5 reasons readers shouldn’t pass up A Heart In A Body In The World


If you’re on the fence about reading Deb Caletti’s A Heart in a Body in the World, it’s time to take a leap of faith and do it. 

Just hearing that a book is about running cross-country may cause some readers to lose interest, particularly if those readers just aren’t into stories that primarily focus on sports or physical activity. But it would be a mistake to pass up Deb Caletti’s A Heart in a Body in the World based solely on its synopsis.

Though the novel follows 18-year-old Annabelle as she runs from Seattle to Washington D.C., A Heart in a Body in the World is about so, so much more than that.

The story’s true premise lies in what Annabelle is running from. For starters, she’d like to forget the tragic events that she was a part of last year — events for which she feels at least partially responsible.  And then there’s the date looming ahead, the one that will force her to confront everything she isn’t ready to accept.

A Heart in a Body in the World tells a beautiful and powerful tale, but there are a few more reasons to read it as well.

1. The writing is quirky and powerful.

Caletti’s writing style is the kind that will hook readers from the first page. It’s sarcastic and quirky, but it never shies away from being serious when the time comes. You’ll definitely want to keep your highlighters on hand while reading A Heart in the Body in the World. There are some truly powerful passages within its pages.

2. The cast of characters is lovable and authentic.

From Annabelle herself to the entire supporting cast of characters, Caletti does an impressive job of making each individual feel unique and distinguishable from the others. This is even more commendable given that we hardly see most of the characters. With the plot focused on Annabelle’s run, most of their moments are confined to memories and phone calls.

Despite that, Caletti still manages to make the characters’ relationships with one another feel genuine. Annabelle’s family members are neurotic but supportive, something plenty of readers will likely relate to. And even though some of Annabelle’s loved ones aren’t in the present-day narrative, readers will quickly come to care about their relationships through her descriptions of the past.

3. The story unravels in a way that keeps readers on edge.

When A Heart in a Body in the World begins, readers only know that Annabelle is running from something terrible. As her journey continues, Caletti slowly begins to reveal the larger picture. And it’s probably not the what readers imagined during chapter one.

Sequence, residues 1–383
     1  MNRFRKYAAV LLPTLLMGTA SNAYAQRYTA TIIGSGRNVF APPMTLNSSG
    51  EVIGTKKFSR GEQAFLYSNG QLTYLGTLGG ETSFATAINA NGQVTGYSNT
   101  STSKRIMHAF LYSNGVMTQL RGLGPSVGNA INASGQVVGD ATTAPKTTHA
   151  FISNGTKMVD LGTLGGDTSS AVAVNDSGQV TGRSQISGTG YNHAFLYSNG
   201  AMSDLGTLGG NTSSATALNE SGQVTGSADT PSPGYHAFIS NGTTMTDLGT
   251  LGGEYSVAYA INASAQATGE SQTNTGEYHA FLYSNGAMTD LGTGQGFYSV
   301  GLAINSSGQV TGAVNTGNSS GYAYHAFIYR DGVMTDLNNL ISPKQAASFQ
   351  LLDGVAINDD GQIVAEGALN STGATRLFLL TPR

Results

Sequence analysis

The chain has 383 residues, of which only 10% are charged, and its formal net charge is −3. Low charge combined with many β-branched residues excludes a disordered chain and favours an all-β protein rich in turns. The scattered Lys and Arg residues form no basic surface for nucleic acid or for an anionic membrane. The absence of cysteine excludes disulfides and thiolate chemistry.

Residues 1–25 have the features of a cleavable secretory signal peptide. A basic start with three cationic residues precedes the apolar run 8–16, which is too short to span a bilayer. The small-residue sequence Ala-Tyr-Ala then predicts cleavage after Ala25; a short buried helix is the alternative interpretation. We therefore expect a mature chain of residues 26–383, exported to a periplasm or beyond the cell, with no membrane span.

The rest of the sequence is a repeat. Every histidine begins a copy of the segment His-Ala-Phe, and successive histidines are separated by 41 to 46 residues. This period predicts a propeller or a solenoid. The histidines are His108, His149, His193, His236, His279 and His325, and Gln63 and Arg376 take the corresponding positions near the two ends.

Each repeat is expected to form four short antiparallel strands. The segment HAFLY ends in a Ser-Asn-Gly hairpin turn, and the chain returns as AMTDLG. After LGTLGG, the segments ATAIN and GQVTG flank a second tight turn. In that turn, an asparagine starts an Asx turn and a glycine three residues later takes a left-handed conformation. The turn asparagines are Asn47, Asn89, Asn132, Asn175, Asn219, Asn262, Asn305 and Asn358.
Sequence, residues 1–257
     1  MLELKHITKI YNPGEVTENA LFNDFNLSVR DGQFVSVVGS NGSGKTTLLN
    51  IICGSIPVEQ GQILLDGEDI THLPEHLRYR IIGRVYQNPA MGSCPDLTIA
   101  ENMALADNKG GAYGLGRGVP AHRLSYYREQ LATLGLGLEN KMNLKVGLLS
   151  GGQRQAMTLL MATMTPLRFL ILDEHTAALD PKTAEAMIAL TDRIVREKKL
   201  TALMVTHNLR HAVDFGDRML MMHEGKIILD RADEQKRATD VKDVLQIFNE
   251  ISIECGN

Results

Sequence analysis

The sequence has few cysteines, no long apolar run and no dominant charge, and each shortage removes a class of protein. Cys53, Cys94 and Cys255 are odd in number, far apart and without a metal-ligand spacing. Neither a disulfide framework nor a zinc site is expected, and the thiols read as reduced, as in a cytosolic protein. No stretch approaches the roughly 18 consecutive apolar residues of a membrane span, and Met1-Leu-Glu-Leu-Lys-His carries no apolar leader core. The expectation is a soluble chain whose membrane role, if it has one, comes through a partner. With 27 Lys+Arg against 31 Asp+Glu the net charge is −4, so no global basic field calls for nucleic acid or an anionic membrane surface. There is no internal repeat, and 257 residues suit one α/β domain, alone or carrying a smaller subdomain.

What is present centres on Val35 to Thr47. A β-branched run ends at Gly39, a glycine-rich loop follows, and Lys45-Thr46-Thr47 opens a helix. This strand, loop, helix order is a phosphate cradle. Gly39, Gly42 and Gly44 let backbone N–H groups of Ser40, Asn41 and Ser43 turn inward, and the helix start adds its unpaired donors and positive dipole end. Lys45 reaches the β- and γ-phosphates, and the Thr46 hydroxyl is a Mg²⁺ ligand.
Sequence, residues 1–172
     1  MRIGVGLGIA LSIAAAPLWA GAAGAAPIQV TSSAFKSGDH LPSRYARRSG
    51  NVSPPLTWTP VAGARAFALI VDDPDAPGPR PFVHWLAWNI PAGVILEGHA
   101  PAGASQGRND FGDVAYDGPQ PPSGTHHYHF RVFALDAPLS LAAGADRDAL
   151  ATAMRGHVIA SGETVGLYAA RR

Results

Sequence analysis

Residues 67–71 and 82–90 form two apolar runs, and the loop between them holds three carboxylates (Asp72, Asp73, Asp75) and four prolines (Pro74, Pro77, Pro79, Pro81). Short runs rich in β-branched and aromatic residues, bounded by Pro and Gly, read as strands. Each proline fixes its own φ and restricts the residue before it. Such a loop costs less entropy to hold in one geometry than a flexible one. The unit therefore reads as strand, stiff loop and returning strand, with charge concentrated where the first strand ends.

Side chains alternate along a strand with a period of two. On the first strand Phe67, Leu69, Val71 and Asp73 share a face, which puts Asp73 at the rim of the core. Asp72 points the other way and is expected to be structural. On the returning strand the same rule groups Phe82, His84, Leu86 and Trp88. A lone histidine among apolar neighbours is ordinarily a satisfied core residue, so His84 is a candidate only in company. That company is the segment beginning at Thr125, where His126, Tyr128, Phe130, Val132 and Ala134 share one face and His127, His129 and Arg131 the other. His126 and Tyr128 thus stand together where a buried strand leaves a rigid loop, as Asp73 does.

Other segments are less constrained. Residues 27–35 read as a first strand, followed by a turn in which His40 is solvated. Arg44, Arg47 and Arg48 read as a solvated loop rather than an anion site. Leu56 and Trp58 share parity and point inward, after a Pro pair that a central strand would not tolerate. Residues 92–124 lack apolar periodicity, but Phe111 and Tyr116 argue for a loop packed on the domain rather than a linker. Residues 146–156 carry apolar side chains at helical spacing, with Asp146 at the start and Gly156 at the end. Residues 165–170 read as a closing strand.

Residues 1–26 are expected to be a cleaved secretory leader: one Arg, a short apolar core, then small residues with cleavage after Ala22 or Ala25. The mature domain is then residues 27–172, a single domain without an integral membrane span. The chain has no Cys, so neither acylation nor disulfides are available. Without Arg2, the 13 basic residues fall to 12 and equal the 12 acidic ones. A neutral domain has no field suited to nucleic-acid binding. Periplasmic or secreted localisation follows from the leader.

This clever means of storytelling is a promising way to keep readers engaged. If they don’t know the full story, they’ll keep reading until they do. And trust me, after hearing Annabelle talk cryptically about her experience for a few pages, you’ll be dying to find out what actually happened.

4. It’s more political than you’d think.

While Annabelle’s undertaking begins as a means of escape, it quickly becomes about larger issues. And those issues allow Caletti to confront some of society’s shortcomings, particularly when it comes to gun violence and holding men accountable for their actions.

As the story unravels, it slowly becomes apparent that the boy Annabelle refers to as “The Taker” murdered Annabelle’s best friend and ex-boyfriend with a gun. And though Caletti doesn’t spend too long going into the politics of the situation, she is sure to mention that even shootings involving school children go ignored by the government.

And as Annabelle thinks about these things, it also becomes apparent to readers that she’s running to draw attention to the problem. She is running to the White House, after all, and the more people she tells her story to, the more her message grows: Something needs to change.

5. It offers a feminist message.

If you’re weary of the “nice guy” mentality, you’ll appreciate this novel’s message. The reason that “The Taker” shoots Annabelle’s ex-boyfriend and best friend is because Annabelle rejects him, after several months of flirting with and showing interest in him.

And Caletti has Annabelle feel guilt over her own part in the tragedy, believing she could have prevented it if she’d just been less flirtatious and inviting. The implication is clear: Women blame themselves for men’s actions, even when they shouldn’t be the ones held accountable.

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This theme pops up repeatedly throughout the book, and Caletti never fails to highlight how problematic it really is. For its feminist themes alone, readers should give A Heart in a Body in the World a chance.